What are ‘Liquidity Ratios’
Liquidity ratios measure a company’s ability to pay debt obligations and its margin of safety through the calculation of metrics including the current ratio, quick ratio and operating cash flow ratio. Current liabilities are analyzed in relation to liquid assets to evaluate the coverage of short-term debts in an emergency. Bankruptcy analysts and mortgage originators use liquidity ratios to evaluate going concern issues, as liquidity measurement ratios indicate cash flow positioning.
BREAKING DOWN ‘Liquidity Ratios’
Liquidity ratios are most useful when they are used in comparative form. This analysis may be performed internally or externally. For example, internal analysis regarding liquidity ratios involves utilizing multiple accounting periods that are reported using the same accounting methods. Comparing previous time periods to current operations allows analysts to track changes in the business. In general, a higher liquidity ratio indicates that a company is more liquid and has better coverage of outstanding debts.
Alternatively, external analysis involves comparing the liquidity ratios of one company to another company or entire industry. This information is useful to compare the company’s strategic positioning in relation to its competitors when establishing benchmark goals. Liquidity ratio analysis may not be as effective when looking across industries, as various businesses require different financing structures. Liquidity ratio analysis is less effective for comparing businesses of different sizes in different geographical locations.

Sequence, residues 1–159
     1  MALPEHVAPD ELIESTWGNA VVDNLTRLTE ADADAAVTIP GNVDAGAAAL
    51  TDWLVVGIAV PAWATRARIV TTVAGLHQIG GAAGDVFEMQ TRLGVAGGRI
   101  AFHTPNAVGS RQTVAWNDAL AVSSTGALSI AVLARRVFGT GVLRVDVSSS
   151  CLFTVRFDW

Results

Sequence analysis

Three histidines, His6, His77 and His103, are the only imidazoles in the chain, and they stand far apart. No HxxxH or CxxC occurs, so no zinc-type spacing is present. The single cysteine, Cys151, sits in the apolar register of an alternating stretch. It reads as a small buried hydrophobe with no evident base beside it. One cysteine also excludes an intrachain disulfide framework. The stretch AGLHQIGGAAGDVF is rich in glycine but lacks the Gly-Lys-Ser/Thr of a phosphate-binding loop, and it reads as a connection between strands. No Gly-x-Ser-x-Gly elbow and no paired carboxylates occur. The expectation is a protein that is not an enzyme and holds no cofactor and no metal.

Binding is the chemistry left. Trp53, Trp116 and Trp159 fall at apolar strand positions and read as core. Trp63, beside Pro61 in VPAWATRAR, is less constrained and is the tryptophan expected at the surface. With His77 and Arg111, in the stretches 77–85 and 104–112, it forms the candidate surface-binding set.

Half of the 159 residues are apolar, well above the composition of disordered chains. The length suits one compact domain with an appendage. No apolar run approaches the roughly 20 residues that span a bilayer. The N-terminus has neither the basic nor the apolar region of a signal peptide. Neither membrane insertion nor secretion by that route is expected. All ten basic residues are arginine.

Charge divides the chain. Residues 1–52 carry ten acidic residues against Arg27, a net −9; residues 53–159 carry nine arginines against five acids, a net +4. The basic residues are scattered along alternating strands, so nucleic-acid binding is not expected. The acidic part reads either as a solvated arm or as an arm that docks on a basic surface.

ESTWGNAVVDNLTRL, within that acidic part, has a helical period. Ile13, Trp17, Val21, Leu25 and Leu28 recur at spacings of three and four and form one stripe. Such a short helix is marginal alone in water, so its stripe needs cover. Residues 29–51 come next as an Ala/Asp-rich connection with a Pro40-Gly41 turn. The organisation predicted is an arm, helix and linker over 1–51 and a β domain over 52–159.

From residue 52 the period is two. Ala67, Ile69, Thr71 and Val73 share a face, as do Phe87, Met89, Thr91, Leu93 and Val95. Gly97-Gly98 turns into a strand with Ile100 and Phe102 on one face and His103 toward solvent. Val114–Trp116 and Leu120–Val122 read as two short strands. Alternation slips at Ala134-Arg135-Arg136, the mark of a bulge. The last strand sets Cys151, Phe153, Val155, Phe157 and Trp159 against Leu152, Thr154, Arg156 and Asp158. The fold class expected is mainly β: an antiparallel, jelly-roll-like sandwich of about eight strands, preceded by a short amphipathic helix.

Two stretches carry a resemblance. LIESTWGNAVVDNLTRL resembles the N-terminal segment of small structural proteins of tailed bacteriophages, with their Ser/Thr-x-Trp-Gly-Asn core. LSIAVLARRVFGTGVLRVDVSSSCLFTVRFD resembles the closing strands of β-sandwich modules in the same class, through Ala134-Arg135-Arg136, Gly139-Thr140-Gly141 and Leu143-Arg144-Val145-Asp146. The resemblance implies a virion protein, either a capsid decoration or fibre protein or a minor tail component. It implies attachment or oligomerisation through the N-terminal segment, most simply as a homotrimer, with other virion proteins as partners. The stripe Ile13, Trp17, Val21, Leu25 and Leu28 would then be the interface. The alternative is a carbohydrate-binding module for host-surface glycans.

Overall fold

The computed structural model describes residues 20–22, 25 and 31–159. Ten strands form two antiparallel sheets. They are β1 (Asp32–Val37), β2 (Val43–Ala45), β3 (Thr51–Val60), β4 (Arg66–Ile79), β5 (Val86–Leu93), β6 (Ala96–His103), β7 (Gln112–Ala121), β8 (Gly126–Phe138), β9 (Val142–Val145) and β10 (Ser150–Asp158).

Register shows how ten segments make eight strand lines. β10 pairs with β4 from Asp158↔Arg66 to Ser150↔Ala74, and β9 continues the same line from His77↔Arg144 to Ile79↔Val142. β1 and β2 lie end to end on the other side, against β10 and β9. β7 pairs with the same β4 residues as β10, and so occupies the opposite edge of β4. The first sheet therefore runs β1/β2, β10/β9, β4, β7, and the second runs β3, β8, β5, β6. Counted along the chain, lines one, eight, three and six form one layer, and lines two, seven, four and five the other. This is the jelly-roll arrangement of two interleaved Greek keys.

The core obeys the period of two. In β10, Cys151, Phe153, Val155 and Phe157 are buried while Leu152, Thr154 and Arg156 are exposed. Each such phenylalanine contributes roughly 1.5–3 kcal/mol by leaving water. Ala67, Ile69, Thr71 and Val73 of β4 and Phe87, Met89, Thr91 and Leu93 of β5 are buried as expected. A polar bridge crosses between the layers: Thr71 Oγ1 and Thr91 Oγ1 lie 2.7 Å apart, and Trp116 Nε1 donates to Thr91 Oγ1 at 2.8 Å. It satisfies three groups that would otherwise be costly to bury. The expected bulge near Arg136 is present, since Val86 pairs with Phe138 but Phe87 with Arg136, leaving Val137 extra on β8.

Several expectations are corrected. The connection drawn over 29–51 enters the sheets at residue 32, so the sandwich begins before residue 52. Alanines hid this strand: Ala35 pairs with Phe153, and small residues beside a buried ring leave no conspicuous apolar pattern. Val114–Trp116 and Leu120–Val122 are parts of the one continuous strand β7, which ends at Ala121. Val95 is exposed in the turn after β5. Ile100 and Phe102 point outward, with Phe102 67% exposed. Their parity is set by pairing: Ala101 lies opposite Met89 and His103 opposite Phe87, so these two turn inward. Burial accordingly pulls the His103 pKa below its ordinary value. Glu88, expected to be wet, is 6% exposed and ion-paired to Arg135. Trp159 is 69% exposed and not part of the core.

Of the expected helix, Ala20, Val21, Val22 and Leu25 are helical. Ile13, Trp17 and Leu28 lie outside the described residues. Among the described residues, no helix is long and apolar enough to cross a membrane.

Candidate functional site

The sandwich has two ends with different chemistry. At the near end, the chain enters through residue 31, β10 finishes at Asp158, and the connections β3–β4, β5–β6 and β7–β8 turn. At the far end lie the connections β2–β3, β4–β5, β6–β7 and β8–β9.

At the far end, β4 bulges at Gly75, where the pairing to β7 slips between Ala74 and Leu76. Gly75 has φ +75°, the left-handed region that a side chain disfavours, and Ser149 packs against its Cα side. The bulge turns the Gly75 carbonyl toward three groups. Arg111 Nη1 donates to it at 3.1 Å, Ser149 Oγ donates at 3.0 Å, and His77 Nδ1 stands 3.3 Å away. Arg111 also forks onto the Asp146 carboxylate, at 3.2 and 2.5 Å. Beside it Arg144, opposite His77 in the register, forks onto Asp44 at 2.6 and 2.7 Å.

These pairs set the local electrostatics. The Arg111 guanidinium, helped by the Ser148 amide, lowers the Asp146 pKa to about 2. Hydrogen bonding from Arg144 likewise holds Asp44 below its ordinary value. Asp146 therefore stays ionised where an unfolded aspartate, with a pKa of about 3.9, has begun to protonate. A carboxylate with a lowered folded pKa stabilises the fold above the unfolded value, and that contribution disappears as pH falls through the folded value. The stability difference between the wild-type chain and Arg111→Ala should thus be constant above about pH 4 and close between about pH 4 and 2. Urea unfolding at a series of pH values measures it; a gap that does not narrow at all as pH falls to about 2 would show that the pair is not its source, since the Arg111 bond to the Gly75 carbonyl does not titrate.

Solvency Versus Liquidity
Solvency relates to a company’s overall ability to pay debt obligations and continue business operations, while liquidity focuses more on current financial accounts. A company must have more total assets than total liabilities to be considered solvent and more current assets than current liabilities to be considered liquid. Although solvency is not directly correlated to liquidity, liquidity ratios present a preliminary expectation regarding the solvency of a company.
Examples of Liquidity Ratios
The most basic liquidity ratio or metric is the calculation of working capital. Working capital is the difference between current assets and current liabilities. If a business has a positive working capital, this indicates it has more current assets than current liabilities and in the event of an emergency, the business can pay all of its short-term debts. A negative working capital indicates that a company is illiquid.
The current ratio divides total current assets by total current liabilities. This ratio provides the most basic analysis regarding the coverage level of current debts by current assets. The quick ratio expands on the current ratio by only including cash, marketable securities and accounts receivable in the numerator. The quick ratio reflects the potential difficulty in selling inventory or prepaid assets in the result of an emergency.